He had 12 points on opening night on the road in Madison Square Garden shooting five of nine. Very impressive for a rookie in his first game.
He was scoreless with three misses in the home opener loss to the Cavs in 17 minutes and played just 11 minutes the next night and was one for four in Minnesota. But then he had 12 points in 12 minutes and was four of six against the Magic, played seven minutes without a shot against the Bucks and then in a combined 32 minutes in two games against the 76ers and Celtics, he shot six for eight and scored 14 points. Pretty good, really, for a rookie in his first seven games, 40 points in 103 minutes. That’s a double digit scoring average in a regular rotation and the ability to spread the floor, desperately needed by the Bulls.
McDermott then didn’t play much for two games and had an awkward stretch with 57 minutes over the next four games and six for 18 shooting. Not horrible, but McDermott hardly played after that. He then had a knee issue develop and had meniscus surgery Dec. 12. He was back available to play Jan. 19. He’s played 13 minutes in the last 18 games. Not average; combined.
You could say coming off surgery and with the team pretty much whole there was no time to work in a rookie coming off surgery. That’s not unreasonable. But hardly now with the roster decimated, the team unable to score or make shots, 31 percent Sunday, 38 percent Friday, 35 percent last Monday. You can’t give a try to the best collegiate three-point shooter on your roster?
So we’ll see Tuesday against the Washington Wizards, who look a lot like the Bulls first round playoff opponent again. The Wizards, of course, won 4-1 last season and hold a 2-1 edge in games this season. So Tuesday sets up as the potential tiebreaker. Though that should hardly be an issue for the Bulls, who are 18-13 at home and 19-10 on the road. Plus, this season it’s presumably a playoff series with Rose.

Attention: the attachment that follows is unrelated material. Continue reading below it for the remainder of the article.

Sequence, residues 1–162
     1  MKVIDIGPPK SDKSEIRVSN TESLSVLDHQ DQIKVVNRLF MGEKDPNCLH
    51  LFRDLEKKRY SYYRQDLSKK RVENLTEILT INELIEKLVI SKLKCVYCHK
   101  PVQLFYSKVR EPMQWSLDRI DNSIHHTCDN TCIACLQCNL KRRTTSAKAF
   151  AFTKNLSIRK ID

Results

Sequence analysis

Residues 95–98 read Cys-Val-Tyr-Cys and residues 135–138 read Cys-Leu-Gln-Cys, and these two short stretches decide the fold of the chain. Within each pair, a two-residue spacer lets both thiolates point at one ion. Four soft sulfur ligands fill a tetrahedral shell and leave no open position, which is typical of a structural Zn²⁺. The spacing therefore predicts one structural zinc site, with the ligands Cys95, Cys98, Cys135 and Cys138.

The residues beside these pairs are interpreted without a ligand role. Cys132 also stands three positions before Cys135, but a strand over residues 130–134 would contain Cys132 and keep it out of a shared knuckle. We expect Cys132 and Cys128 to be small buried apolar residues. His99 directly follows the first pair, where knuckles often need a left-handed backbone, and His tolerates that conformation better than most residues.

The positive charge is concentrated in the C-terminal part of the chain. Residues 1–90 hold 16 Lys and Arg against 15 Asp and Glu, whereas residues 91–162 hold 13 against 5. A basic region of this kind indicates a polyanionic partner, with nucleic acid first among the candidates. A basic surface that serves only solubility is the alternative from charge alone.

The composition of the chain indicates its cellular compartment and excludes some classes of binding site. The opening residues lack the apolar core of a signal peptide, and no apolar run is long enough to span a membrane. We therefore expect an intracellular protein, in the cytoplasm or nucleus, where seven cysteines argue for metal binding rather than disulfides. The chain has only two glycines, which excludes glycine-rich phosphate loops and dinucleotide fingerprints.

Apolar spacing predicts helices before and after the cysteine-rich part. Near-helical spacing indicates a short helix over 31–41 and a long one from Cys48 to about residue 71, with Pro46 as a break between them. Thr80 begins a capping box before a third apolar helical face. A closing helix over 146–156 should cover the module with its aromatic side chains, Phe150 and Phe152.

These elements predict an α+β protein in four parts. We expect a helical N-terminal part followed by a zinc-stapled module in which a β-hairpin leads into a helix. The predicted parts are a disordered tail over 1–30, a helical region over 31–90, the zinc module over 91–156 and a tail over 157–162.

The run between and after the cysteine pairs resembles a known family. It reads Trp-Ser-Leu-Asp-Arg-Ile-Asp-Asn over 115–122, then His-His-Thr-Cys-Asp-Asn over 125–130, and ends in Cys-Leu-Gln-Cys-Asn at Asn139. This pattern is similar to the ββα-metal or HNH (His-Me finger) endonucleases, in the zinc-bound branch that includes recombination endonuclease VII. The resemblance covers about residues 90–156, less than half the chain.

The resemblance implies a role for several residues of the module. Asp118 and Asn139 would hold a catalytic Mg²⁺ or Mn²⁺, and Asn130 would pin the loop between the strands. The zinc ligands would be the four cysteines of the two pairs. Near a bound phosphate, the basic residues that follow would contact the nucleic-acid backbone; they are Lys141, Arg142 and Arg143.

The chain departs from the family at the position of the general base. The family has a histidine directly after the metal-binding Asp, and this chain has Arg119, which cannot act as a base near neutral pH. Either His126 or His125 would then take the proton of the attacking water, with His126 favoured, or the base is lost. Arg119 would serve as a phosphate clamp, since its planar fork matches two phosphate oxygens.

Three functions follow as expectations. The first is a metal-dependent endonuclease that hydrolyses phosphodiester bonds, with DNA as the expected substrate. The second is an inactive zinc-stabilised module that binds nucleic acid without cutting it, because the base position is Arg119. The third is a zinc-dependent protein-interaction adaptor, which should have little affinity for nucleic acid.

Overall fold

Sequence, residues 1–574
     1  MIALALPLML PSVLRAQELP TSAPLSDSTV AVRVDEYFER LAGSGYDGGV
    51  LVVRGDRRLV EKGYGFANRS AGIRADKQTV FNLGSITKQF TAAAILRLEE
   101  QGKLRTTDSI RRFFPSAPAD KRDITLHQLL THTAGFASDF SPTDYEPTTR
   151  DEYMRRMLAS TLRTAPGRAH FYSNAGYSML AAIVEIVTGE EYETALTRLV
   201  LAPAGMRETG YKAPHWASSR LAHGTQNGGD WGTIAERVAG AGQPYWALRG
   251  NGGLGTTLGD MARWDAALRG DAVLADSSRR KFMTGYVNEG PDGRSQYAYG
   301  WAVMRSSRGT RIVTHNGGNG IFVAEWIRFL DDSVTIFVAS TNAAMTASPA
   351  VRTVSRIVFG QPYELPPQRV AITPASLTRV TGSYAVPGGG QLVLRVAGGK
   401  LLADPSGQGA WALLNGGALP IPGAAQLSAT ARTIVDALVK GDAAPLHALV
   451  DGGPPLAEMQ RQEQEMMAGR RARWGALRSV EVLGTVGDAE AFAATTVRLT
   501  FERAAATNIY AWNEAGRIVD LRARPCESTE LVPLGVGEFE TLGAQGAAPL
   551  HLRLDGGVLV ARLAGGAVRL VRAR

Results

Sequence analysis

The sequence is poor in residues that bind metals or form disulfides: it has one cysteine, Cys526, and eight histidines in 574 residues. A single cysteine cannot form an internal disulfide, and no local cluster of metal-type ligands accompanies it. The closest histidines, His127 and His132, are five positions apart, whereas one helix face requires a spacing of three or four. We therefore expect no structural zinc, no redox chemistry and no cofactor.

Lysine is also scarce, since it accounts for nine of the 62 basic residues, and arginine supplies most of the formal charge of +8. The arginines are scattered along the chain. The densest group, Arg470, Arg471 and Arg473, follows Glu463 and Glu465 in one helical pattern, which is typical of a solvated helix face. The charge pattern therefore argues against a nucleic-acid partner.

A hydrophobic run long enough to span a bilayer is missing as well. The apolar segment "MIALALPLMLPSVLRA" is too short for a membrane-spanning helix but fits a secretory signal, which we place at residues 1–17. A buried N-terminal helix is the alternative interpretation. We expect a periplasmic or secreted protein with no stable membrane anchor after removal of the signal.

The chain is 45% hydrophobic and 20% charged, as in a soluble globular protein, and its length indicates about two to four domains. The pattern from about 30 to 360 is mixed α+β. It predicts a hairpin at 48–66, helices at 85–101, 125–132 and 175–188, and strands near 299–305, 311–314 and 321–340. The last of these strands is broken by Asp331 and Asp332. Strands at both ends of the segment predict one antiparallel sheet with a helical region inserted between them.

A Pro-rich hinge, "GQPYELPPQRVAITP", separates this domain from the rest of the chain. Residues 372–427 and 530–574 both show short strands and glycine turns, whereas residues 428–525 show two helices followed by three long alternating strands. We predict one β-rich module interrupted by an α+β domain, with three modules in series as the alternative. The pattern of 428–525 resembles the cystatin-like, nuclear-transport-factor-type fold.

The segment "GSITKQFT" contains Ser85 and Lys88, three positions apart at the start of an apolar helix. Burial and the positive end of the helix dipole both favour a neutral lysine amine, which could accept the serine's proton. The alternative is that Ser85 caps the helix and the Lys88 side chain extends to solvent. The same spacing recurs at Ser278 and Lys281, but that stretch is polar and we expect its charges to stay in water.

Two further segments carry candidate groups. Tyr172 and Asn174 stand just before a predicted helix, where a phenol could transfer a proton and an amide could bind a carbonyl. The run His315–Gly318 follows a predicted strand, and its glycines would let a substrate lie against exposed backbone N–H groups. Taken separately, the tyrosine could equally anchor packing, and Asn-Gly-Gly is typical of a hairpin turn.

Though the Bulls are third in the Eastern Conference now a half game behind the Toronto Raptors, it figures with the injuries it will be tough to pass Toronto or stay ahead of the Cleveland Cavaliers. The Cavs are a half game behind the Bulls. Then comes Washington, which is three games behind the Bulls in fifth. Plus, the Wizards are in their poorest stretch of the season, losers of 11 of their last 14.
So does it really matter with the Wizards beating the Bulls without home court advantage last season and the Bulls with their best game of the series in Washington?
The Wizards don’t seem to much care, and don’t be surprised if they play some creative rotations late in the season to assure a series with the Bulls. Though a team struggling like that shouldn’t be too confident against anyone, the Wizards privately have identified the Bulls as their favored playoff opponent. They believe they are best suited to play the Bulls with their power and size lineups and basic lack of athleticism other than John Wall. They don’t shoot many threes, 27th in the league in attempts while the Bulls are 16th. And even with Wall, their pace of play is in the bottom half of the league along with the Bulls’.
The Wizards believe their bigs can beat the Bulls bigs and Wall and Bradley Beal will offset Rose and Butler.
Plus, there’s even some rivalry as Nene has been suspended twice against the Bulls, in last season’s playoffs for head butting Butler and for getting off the bench in a preseason game when Noah and Paul Pierce got into an altercation. Nene has since verbally menaced the Bulls and Monday at Wizards practice, Beal told media Nene can’t wait to get at the Bulls. Beal also got into a confrontation with Hinrich in that playoff series.
"Nene, he doesn't like Chicago," Beal said. "He hates Joakim. It's good and it's scary, too, because you never know what you're going to get out of Nene. You don't know if you're going to get the Nene that's going to go out there and put people in headlocks or get Nene that's going to give you 30. It's good and bad. I wish we could play them every day. We just always get up for Chicago. We're always locked in, we always play pretty much our best game. Chicago has a lot of guys out, an opportunity for other guys to step up. It's going to be a chippy game, I think. We really play physical whenever we play them. Everybody is on edge whenever we play Chicago."